Here we are, my husband, daughter and I, sitting in beauty parlor chairs, our heads slathered in fluffy blobs of hair conditioner mixed with baking soda while a stalwart woman unflinchingly scrapes our scalps with tiny combs. After eight hours of this, we’re getting hungry, and begin looking through a stack of delivery menus. We’re thinking Mexican or Thai.
We call this the Lice Place, and we have come here because a gang of the tiny insects was found on the head of a child in my daughter’s second-grade class. A respectable head disinfecting establishment, the Lice Place is nonetheless understandably hidden behind a storefront cheerfully disguised with a flowery-decal-laden door. Lice are notoriously hard to spot and even harder to remove, so we are here, rather than home, for an expert examination — and really because I am insect phobic. It’s true that a fear of something most people find disgusting invites very little sympathy or understanding — unlike say a fear of the color yellow, bookcases or cheese — but I understand the severity of my own issue perfectly. So I outsourced the solution.
Our diagnosis: mother and child both had those little critters in their hair. Apparently they had been merrily mating and giving birth on our heads as we bobbed around town focused on our thoughts and not the community taking shape above them.
All this makes me think of Jane Goodall. She was a heroine of every schoolgirl I know from my generation — a passionate scientist who followed her heart to study primates in the jungle, and the star of several grainy science films of my youth. I remember my friends and I watching these films, our mouths open, smug teenagers begrudgingly awed, as she hid behind a tree or a rock, whispered provocatively off-camera, and in turn watched her beloved chimpanzees picking at each other’s fur, looking for tiny insects and then eating them. These were beautiful scenes of calm companionship, the image of communal living at its best.
So why didn’t this feel as lovely?
Another family comes into the Lice Place. The father looks at us, looks away, then looks at us again with an expression of embarrassed, grossed-out friendship. We strike up a conversation. We learn that his daughters go to a fancy girls’ prep school and I can’t help feeling pretty great about this. Clearly this is not a scourge of low lives. In fact, it is a point oft-mentioned, lice are especially drawn to clean hair. We cling to this fact as stickily as those lousy eggs cling to our locks. We talk about soccer and how to suffocate a nit, while his girls read Shakespeare.
As I sit in my beauty chair, I consider an article I read recently in The Times. The headline asked: Should Americans Fear Their Furniture? What followed was an interview with documentarians who had just finished a film on all the toxic chemicals contained in pretty much every piece of upholstered furniture made since 1975.
I suppose this should not be shocking to me. All the old familiar comforts of American life have been found to be deadly. Apples bathed in pesticides. Chickens fed a steady diet of chemicals. Wheaties and Cheerios laden with G.M.O.s. A mother and daughter leaning their heads together over “Charlotte’s Web” may have always imparted a faint stirring of agita. But now that copy of “Charlotte’s Web”? The one from the library? It could totally have bedbugs.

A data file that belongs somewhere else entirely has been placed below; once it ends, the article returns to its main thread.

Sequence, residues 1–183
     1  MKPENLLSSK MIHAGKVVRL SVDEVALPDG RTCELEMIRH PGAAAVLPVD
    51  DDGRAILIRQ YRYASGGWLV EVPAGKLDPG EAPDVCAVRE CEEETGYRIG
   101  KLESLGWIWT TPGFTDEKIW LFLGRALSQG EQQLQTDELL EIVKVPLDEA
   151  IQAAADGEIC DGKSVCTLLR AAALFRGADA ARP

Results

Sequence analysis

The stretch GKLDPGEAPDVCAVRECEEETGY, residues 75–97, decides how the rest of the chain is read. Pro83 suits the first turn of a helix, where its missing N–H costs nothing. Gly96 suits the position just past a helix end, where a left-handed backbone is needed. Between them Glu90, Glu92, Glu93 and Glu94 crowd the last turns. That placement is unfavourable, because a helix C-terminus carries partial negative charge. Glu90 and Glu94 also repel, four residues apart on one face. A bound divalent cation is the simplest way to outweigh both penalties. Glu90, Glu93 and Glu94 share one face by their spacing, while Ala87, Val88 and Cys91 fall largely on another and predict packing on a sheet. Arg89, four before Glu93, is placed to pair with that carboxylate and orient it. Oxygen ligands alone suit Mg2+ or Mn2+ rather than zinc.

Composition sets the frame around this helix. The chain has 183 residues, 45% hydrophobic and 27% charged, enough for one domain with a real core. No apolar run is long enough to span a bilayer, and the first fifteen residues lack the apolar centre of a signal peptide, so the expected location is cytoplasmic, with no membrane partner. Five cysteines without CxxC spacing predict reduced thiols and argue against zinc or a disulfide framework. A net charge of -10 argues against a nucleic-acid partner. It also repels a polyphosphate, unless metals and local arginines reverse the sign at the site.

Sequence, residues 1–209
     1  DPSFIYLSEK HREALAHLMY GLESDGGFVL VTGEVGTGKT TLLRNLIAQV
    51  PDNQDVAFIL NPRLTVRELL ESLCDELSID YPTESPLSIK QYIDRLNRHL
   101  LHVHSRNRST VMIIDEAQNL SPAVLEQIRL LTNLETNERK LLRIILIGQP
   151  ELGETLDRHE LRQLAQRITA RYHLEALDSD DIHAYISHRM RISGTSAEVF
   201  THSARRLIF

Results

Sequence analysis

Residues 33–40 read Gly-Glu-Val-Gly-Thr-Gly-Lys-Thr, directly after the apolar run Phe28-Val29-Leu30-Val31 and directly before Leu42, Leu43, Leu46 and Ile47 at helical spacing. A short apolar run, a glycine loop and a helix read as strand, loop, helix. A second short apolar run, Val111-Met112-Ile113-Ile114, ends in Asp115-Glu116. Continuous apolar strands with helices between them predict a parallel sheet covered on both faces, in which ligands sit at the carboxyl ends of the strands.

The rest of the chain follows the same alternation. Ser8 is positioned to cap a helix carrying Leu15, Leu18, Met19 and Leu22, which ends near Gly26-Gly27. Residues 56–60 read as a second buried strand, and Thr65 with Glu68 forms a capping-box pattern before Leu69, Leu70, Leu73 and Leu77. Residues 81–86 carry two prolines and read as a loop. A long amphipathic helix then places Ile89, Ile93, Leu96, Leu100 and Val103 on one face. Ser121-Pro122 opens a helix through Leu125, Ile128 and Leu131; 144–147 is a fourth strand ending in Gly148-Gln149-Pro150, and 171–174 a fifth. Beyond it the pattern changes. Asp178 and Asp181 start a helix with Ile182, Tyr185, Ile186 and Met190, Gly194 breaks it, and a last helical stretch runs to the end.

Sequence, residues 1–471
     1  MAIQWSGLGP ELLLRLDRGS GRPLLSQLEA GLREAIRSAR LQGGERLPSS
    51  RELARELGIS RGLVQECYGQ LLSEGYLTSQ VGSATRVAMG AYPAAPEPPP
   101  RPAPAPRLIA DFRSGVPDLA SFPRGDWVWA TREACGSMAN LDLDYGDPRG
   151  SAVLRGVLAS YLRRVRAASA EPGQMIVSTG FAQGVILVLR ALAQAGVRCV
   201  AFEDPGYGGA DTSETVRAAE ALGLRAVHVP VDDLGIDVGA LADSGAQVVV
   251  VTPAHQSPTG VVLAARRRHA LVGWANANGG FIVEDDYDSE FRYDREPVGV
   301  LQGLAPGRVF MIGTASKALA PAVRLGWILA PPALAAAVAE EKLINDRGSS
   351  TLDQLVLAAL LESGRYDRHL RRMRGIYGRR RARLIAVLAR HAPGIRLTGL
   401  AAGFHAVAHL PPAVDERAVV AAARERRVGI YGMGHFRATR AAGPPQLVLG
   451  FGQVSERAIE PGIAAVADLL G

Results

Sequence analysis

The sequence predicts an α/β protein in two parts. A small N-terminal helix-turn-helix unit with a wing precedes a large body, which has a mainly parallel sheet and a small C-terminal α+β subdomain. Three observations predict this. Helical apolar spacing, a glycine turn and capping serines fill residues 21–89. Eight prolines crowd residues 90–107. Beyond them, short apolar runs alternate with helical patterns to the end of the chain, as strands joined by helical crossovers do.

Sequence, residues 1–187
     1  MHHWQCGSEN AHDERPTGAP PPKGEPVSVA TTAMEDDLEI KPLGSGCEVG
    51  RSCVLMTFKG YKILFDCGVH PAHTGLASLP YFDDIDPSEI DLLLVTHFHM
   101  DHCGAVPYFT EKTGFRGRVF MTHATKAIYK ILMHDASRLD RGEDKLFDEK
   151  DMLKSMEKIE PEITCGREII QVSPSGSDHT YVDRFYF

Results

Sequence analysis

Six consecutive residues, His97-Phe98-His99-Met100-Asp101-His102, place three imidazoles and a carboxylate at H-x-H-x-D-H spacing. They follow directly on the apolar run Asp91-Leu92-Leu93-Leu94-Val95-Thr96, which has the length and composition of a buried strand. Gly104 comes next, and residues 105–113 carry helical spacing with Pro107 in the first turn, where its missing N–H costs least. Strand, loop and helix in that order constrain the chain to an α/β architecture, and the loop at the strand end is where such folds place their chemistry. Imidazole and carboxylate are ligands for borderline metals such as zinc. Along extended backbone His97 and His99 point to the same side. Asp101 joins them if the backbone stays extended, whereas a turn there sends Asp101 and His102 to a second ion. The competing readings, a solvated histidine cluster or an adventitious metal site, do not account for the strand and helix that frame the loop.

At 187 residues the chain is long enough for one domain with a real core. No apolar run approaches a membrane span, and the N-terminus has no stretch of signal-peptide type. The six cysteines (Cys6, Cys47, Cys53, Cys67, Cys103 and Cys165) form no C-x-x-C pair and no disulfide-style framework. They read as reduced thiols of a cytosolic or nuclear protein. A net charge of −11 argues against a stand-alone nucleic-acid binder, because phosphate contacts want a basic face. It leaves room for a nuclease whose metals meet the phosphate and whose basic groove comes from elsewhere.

My daughter suffers the indignities of head lice removal with a stoic silence. My husband and I suffer the indignities of the bill a little less bravely. It turns out that the cost of eight hours of vigilant attention to every strand on an entire family’s collective head could get you a studio apartment in Williamsburg for about two weeks.
We ditch the delivery menus and decide to go out to dinner instead, maybe get a little air. The Lice Place had not covered us in the cloaks that are a staple at a normal hair salon (I think we were all too chastened to ask), so we walk stiffly down the street, covered in the blotches and splotches left by those soft clouds of hair cream and baking soda that flew around us like we were in some really unappealing snow globe.
We knew it was a short break because there was much more work to do. The bagging of pillows. The dry cleaning of duvet covers. More time and money to spend on getting back to normal. Not to mention the moral duty to tell your child’s close friends’ mothers that they are at risk.
And ah, the dilemma — with whom can I laugh about this? The friends who get to find out are in the small, precious category of close enough to get it, nice enough not to judge, sturdy enough not to feel threatened. Those to whom I don’t need to mention that lice are especially drawn to clean hair.
We sit quietly at the restaurant, reminded that no matter how well ordered our lives, havoc can break loose. No matter how much we think we are embracing the natural world (munching on organic kale, suffering under unflattering environmentally friendly light bulbs), that world can turn against us. No matter how good the school, how well read the parents, things can get primal. And no matter how sweet the tendril of hair gently curled on your daughter’s neck on a warm spring day, the fact remains — that tendril can turn quickly icky.
It is only lice. So blessedly minor. But it all highlights nonetheless the randomness of misfortune, the fragility of life, how nature can still turn overly intellectualizing and technologically shielded humans into vulnerable, helpless creatures. It reminds me of death.
It reminds me to feel joyous while I can.